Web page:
April 3, 2019
Organized by the World Bank Tokyo Disaster Risk Management Hub
On April 3, 2019, the World Bank’s Tokyo Disaster Risk Management (DRM) Hub hosted a seminar on “Hydromet Projects at the World Bank: Opportunities for Collaboration.”
The seminar convened Japanese, international, and World Bank experts to discuss the World Bank’s global hydromet engagements and explore opportunities for Japanese stakeholders to participate in different phases of current and future projects.
After opening remarks were delivered by Mr. Makoto Suwa (Senior Disaster Risk Management Specialist, Global Facility for Disaster Reduction and Recovery (GFDRR) Hydromet Program), Ms. Anna-Maria Bogdanova (Operations Officer, GFDRR) provided an overview of the World Bank’s structure, project cycle, procurement processes and selection methods, as well as the World Bank’s and GFDRR portfolio of hydromet engagements across multiple regions.
This was followed by a presentation on new approaches to strengthening of hydromet services presented by Mr. David P. Rogers (Lead consultant, GFDRR). The presentation was based on the recent GFDRR publication “Weathering the Change” and touched upon topics such as hydrometeorological services as “system of systems” and change management, public and private engagement and various partnership arrangements. On the latter, the presentation also suggested potential avenues for collaboration engaging Japanese expertise in World Bank hydromet operations due to Japan’s extensive experience in the field.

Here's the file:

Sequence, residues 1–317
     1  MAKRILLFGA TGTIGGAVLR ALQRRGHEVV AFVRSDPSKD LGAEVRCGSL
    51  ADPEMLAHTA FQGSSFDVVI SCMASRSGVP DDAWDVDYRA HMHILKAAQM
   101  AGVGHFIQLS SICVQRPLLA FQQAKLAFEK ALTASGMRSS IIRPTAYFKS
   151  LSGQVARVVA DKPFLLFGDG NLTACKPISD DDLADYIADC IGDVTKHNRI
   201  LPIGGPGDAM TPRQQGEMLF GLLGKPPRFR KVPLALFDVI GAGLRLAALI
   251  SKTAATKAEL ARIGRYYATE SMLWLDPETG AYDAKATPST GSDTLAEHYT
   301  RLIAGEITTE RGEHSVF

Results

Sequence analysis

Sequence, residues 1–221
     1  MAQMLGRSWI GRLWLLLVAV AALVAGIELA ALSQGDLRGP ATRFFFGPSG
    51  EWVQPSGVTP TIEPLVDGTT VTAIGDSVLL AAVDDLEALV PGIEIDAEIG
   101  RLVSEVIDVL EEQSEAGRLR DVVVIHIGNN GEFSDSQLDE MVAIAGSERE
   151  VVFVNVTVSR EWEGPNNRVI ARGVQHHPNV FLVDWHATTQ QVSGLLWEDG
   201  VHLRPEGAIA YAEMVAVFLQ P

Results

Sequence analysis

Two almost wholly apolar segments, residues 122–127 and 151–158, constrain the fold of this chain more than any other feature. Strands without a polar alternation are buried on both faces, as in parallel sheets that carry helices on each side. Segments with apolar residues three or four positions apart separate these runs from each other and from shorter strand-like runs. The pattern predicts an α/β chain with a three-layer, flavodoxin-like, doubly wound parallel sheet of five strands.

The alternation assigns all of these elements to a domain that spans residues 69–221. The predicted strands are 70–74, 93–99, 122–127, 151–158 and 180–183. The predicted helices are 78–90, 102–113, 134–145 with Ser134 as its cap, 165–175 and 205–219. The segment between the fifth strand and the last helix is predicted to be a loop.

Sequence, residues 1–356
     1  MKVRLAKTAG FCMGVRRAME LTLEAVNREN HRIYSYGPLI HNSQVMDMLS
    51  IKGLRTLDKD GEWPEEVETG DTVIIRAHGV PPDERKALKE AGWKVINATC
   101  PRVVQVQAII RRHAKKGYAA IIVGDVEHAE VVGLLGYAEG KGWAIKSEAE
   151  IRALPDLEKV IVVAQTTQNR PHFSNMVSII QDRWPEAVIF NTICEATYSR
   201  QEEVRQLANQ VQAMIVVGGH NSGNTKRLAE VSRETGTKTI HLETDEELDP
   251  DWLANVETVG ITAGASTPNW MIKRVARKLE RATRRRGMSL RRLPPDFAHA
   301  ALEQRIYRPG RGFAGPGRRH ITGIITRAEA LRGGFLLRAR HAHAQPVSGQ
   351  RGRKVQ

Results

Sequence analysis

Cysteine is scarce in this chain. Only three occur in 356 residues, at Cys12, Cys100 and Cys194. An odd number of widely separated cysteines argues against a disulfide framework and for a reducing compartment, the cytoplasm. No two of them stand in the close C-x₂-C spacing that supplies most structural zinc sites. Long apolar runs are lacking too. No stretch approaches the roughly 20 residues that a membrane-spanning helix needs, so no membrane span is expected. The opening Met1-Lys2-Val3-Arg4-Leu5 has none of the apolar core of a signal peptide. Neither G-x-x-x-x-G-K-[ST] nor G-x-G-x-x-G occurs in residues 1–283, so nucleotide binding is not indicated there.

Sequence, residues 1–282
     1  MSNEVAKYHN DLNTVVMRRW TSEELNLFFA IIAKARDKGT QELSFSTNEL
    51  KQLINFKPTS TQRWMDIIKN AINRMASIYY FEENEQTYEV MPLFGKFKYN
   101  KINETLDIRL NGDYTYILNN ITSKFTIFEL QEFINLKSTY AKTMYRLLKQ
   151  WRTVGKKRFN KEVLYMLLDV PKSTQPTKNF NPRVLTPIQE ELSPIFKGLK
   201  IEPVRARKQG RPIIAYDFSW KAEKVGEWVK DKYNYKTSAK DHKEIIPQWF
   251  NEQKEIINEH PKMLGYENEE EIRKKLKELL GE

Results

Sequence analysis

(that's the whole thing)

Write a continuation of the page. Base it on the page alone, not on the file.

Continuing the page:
The topics introduced in the first part of the seminar were explored further through a panel discussion moderated by Mr. Guillermo A. Siercke (Disaster Risk Management Specialist, GFDRR, Tokyo DRM Hub). The panelists, each with their own sets of expertise and perspectives, discussed how World Bank projects are planned and implemented, as well as the kinds of skills and resources that can contribute to hydromet and Early Warning Systems projects at different stages, leading to a rich and insightful dialogue. Opportunities for further collaboration between Japanese experts on hydromet services and the World Bank were also explored in depth.
Attended by more than 60 participants from academia, civil society, and the private and public sectors, the “Hydromet Projects at the World Bank: Opportunities for Collaboration” seminar served as not only a platform to share information, best practices and ideas, but also to forge new relationships between hydromet actors across sectors in Japan and World Bank teams.